It's not a good idea to do any kind of intense exercise if you're new to juice fasting, but a long walk can help keep your blood moving, clear your head and elevate your mood. Carry a water bottle with you, and walk for 15 to 30 minutes.
How to Design a Juice Fast
Staying on a juice fast for three days can be a challenge, so it's a good idea to switch things up by using the widest variety of fruits, vegetables and herbs that you can. This not only ensures that you're getting maximum nutrition, but that you won't get bored and give up after a day and a half of the same juice at every meal and snack.
The best 3-day juice fast recipes contain both fruits and vegetables. Melissa Montalto, MS, RD, CD, at the University of Washington, recommends limiting your fruit to between 1/2 and 1 cup per serving to help limit the amount of sugar you take in.
All fruits and vegetables are fair game, so don't be afraid to experiment. Softer fruits, like bananas, berries of all kinds, mangoes, peaches and ripe pears, blend easily and add flavor. Mix them with kale, spinach, peeled cucumbers or celery to add volume. Apples and grapes are good, and if you don't mind the little bits floating in your drink, you can wash them and leave the peels on. You can also strain those fragments out. Add unfiltered apple juice or water for a thinner concoction, and soy, coconut or nut milk for a creamier result.
Have fun and get creative. Although not a common juice fast drink, a smoothie made with soy milk, pumpkin puree, banana, yogurt, pumpkin pie spice and a dash of maple syrup tastes like a milkshake while providing protein, beta carotene, potassium and magnesium. Swap out the pumpkin for a generous spoonful of peanut butter and lose the pumpkin pie spice for a delicious extra serving of protein.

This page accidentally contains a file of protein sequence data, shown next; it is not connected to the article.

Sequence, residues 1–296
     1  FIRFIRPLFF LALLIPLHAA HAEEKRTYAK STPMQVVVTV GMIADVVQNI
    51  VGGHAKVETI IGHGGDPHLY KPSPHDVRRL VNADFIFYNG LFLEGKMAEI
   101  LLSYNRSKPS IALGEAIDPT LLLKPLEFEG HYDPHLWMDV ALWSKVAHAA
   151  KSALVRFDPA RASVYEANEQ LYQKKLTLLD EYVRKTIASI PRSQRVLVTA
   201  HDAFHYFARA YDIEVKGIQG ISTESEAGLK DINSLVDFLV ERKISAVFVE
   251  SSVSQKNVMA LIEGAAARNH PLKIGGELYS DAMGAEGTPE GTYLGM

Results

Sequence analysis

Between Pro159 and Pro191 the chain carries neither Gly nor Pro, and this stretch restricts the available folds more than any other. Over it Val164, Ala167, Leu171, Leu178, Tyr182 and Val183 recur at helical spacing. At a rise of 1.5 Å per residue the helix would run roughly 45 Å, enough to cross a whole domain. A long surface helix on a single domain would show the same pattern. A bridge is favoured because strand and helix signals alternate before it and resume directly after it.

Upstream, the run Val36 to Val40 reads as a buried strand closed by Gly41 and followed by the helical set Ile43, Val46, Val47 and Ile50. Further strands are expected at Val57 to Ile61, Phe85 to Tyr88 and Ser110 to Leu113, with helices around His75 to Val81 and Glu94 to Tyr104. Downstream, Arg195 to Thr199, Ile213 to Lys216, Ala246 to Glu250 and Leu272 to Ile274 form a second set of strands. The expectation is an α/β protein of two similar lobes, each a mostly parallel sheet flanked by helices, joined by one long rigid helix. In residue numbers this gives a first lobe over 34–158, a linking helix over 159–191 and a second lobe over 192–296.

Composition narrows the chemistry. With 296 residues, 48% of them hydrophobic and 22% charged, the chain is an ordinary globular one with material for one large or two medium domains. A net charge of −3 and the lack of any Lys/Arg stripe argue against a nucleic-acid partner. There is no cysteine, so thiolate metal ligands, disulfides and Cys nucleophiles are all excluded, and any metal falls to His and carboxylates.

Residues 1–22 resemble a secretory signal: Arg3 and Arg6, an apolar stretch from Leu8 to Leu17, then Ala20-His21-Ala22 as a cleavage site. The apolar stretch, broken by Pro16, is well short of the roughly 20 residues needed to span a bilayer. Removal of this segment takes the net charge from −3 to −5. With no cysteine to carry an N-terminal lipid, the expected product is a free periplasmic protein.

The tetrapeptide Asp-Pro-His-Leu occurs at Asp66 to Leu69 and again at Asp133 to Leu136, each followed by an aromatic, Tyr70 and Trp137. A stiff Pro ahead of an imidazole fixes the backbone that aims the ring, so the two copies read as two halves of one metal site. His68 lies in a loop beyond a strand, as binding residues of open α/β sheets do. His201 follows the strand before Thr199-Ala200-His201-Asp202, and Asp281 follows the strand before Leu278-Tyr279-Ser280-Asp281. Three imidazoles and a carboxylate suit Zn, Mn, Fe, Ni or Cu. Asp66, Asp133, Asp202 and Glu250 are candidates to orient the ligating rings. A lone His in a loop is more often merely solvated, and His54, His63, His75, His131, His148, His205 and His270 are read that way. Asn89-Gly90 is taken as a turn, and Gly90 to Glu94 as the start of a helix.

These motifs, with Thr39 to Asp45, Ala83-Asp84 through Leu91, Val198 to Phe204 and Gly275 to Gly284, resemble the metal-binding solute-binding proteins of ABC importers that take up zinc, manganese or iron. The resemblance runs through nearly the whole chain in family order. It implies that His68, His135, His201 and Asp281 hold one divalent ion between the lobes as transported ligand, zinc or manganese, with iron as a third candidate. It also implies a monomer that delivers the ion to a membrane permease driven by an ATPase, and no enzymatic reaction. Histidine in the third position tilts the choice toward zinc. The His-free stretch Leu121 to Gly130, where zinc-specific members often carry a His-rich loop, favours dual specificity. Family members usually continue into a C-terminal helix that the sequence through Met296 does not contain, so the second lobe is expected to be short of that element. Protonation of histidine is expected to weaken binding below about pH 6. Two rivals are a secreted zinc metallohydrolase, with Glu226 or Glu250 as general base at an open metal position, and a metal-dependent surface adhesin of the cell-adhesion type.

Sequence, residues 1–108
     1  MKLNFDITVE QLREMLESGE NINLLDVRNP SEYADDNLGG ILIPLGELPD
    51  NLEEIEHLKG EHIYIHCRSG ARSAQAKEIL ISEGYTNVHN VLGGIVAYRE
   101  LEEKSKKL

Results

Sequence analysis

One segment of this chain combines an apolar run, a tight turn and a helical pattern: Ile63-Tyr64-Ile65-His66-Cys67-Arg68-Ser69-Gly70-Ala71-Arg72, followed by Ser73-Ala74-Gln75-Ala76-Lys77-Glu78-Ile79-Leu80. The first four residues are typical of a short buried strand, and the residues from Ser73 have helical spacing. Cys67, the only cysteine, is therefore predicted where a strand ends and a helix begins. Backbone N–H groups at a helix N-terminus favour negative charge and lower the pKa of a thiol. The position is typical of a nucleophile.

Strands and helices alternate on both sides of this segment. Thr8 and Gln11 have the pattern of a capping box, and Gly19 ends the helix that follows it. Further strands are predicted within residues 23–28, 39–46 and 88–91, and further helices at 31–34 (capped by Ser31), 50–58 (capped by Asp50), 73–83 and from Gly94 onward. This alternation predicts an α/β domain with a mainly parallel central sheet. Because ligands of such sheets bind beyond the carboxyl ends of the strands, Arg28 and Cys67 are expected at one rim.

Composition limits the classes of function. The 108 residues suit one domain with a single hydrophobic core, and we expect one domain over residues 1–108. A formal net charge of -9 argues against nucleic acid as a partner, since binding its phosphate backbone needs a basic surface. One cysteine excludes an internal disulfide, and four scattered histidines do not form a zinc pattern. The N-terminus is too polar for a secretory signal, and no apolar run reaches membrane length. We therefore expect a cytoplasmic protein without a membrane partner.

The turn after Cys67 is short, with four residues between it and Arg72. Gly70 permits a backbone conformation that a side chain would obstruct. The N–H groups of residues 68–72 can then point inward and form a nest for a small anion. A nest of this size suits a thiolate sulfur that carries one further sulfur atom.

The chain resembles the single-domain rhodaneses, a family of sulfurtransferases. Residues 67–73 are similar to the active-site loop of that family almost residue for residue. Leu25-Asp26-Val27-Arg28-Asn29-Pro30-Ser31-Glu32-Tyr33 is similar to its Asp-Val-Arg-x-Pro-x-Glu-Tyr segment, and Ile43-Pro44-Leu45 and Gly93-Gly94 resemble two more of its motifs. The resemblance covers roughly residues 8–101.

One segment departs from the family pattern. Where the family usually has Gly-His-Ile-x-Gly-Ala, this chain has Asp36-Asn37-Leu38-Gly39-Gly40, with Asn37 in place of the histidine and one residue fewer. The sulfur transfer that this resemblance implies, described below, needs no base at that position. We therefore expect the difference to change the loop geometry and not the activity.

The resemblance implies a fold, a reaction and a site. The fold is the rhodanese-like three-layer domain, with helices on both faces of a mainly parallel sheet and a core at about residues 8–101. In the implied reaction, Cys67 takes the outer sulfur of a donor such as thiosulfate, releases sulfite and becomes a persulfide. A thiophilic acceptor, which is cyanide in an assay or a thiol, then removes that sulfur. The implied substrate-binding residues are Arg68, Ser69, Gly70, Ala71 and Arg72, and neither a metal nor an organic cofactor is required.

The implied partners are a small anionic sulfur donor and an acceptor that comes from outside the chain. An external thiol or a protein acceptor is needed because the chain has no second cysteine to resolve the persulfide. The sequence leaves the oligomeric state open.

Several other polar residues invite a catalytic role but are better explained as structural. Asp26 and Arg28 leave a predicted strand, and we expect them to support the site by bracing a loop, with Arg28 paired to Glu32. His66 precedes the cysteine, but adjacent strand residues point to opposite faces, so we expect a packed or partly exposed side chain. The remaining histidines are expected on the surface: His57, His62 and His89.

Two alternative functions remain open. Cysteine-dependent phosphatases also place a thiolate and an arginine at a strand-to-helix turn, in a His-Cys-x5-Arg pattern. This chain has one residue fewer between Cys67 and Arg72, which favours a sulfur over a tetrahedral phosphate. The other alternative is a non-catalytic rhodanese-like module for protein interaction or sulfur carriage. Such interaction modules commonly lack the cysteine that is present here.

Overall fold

Don't be afraid of vegetables. Spinach and kale disappear into a well-balanced juice blend, giving you iron and folic acid. Slice the stems off for a smoother texture, and pair them with apples, peaches and pineapple, as well as soy or nut milk and yogurt. Tomatoes and bell peppers combine to make a smooth gazpacho-like mixture with a peppery bite.
If you're missing hot foods, don't be afraid to sip heated vegetable broth or even chicken broth. You can also make a simple soup with roasted mushrooms, zucchini, eggplant, tomatoes and garlic in a vegetable broth. Simmer the soup gently with chopped fresh parsley, sage, rosemary, thyme, sea salt and coarse black pepper. Finish the soup with a sprinkle of lemon juice and a drizzle of chili-sesame oil or a scattering of red pepper flakes to add a bit of extra flavor and some heat.
Plan to sip your juice concoctions slowly rather than gulping each one down all at once. This helps keep you from flooding your body with sugar, and it will also help keep you feeling full throughout the day.
Read more: Do I Eat While Juicing?
- National Center for Complementary and Integrative Health: “Detoxes” and “Cleanses”
- The Chalkboard: New Science Is in on the Benefits of Juice Cleansing
- University of California Los Angeles: Juicing: Body Cleansing or Nutrient Depleting?
- University of Washington: Juicing vs. Blending: What’s the Difference?
- VeryWell Fit: The Truth About a 3-Day Juice Cleanse
- Alive: The Art of Juice Fasting; Steve Parsons; March 2001